Toxin production in cyanobacteria varies with species, time of year,
cell concentration and other environmental and physiological factors.
Exposure to cyanobacterial toxins can occur via skin contact, drinking,
inhalation and haemodialysis. The symptoms below are generally extreme
examples, and high exposure to the toxins would be required to produce
An amine alkaloid neurotoxin.
Postsynaptic cholinergic nicotine agonist and neuromuscular-blocking agent. Causes calcium ion influx to muscle tissue.
The onset of clinical signs is abrupt (within 60 minutes). Signs include lethargy, muscle tremors, hyperpnoea, cyanosis, paralysis, hyperaesthesis, convulsions and death within 30 minutes after signs appear as a result of respiratory arrest.
A neurotoxic, cyclic N-hydroxyguanidine alkaloid phosphate ester.
Exposure to anatoxin-a (s) causes an increase in salivation, lacrimation, ataxia, diarrhoea, dyspnoea and death within an hour. Signs similar to anatoxin-a may also occur. This toxin has not currently been recorded in New Zealand (Wood & Parton, 2003).
An alkyl phenol.
Is currently researched in context of causing cancer.
Extreme inflammatory agent causing severe skin dermatitis, diarrhoea, burning sensation in throat and mouth, lethargy and muscle contractions (in mice) (Nagai et al. 1996).
A cyclic guanidine alkaloid, included in the cyanobacterial hepatoxin group
Blocks protein synthesis with a major effect on liver cells.
Causes damage to the kidneys, spleen, intestine, thymus, liver and heart in vertebrates (Codd et al., 1999).
A lipopolysaccharide endotoxin.
Less toxic than Salmonella LPS. But requires further
investigation, as it may be fatal when present in high concentrations
(Codd et al., 1999).
A cyclic peptide, included in the cyanobacterial hepatoxin group.
Inhibits eukaryotic protein phosphatases. In eukaryotes these protein phosphatases regulate a wide range of developmental, metabolic and physiological processes, which may be inhibited or disrupted by the presence of high concentrations of microcystins and nodularians. Disrupts vertebrate liver structure and function.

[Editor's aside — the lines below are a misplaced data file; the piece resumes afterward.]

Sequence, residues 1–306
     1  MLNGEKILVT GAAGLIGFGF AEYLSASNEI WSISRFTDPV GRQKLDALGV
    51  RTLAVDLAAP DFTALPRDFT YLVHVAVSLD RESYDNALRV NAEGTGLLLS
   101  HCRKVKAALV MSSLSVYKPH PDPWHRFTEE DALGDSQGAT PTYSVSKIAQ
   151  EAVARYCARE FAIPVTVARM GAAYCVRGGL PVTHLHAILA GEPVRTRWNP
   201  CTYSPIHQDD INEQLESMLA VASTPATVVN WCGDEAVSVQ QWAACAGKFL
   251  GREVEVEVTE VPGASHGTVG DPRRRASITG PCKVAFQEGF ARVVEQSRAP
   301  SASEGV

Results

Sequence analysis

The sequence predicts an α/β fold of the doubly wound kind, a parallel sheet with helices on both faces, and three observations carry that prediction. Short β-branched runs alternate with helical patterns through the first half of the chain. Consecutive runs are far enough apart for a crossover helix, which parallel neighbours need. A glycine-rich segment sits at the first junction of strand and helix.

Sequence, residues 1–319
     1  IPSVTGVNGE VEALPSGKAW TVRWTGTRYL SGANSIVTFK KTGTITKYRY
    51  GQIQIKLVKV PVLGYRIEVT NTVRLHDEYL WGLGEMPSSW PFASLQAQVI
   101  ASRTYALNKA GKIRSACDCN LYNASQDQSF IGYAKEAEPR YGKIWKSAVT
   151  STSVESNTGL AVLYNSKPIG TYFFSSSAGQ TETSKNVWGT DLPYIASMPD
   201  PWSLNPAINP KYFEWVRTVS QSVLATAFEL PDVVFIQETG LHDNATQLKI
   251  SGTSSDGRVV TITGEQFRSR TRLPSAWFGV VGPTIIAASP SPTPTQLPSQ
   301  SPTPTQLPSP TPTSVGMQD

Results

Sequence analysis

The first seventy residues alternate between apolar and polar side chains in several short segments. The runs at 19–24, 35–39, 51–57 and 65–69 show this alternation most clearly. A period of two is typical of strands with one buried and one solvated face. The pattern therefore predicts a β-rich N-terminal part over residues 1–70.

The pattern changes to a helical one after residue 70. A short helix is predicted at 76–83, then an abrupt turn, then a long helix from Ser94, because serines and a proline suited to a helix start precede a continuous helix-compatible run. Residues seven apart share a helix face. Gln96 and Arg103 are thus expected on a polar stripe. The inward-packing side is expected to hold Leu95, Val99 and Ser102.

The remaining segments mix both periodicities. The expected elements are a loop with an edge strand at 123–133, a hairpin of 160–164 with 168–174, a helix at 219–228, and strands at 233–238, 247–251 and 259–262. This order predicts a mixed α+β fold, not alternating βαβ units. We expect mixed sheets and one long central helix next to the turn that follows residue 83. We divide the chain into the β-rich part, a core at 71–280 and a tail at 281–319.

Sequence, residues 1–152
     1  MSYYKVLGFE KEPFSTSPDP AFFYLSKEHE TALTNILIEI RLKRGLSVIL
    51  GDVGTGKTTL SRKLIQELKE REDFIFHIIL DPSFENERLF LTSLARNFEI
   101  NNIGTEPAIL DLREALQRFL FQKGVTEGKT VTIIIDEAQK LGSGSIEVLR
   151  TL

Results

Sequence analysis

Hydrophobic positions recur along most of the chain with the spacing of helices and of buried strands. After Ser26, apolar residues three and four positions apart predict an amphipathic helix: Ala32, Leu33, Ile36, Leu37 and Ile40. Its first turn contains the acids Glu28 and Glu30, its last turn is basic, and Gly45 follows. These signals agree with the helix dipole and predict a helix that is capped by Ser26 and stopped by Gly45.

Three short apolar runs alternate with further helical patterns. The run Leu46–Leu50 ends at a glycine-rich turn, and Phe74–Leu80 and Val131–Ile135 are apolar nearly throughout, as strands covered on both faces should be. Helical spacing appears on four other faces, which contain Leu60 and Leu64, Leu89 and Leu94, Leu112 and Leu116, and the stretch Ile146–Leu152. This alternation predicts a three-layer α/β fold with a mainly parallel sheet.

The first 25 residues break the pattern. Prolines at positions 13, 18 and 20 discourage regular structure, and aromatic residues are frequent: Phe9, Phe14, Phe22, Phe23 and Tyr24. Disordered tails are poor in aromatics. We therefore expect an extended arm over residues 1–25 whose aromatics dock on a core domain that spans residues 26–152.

Weakness, recumbency, pallor, cold extremities, laboured breathing, vomiting and diarrhoea. Respiratory arrest. Haemorrhaging into the liver. Microcystins have caused tumour growth in animal studies and may be linked with liver cancer. These toxins have also been associated with skin irritation including dermatitis, conjunctival and allergic reactions occurring due to skin contact (Codd et al., 1999).
A group of at least 19 carbamate alkaloid neurotoxins. Saxitoxins are also produced by marine dinoflagellates.
Inhibits neurotransmission by blocking sodium channels.
They cause paralysis, respiratory depression and respiratory failure. In people incoordination, confused speech, nausea, vomiting, eye irritation, and respiratory distress may occur.
Bernard, C., Harvey, M., Briand, J.F., Bire, R., Krys, S. and Fontaine, J.J. (2003). Toxicological Comparison of Diverse Cylindrospermopsis raciborskii Strains: Evidence of Liver Damage Caused by a French C. raciborskii Strain. Environmental Toxicology, 18: 176-186.
Clifford, M.N., Walker, R., Ijomah, P., Wright, J., Murray, C.K. and Hardy, R. (1992). Do Saxitoxin-like substances have a role in scombrotoxicosis. Food Additives and Contaminants, 9: 657-667.
Codd, G.A., Bell, S.G., Kunimitsu, K., Ward, C.J., Beattie, K.A. and Metcalf, J.S. (1999). Cyanobacterial toxins, exposure routes and human health. European Journal of Phycology, 34: 405-415.
Nagai, H., Yasumoto, T. and Hokama, Y. (1996). Aplysiatoxin and debromoaplysiatoxin as the causative agents of a red alga Gracilaria coronopifolia poisoning in Hawaii. Toxicon, 37: 753-761.
Steffenson, D., Burch, M., Nicholson, B., Drikas, M. and Baker, P. (1999). Management of toxic blue-green algae (cyanobacteria) in Australia. Environmental Toxicology, 14: 183-185.
Wood, S.A. and Parton, K. (2003). Livestock poisoning by blue-green algae. VETscript, March 2003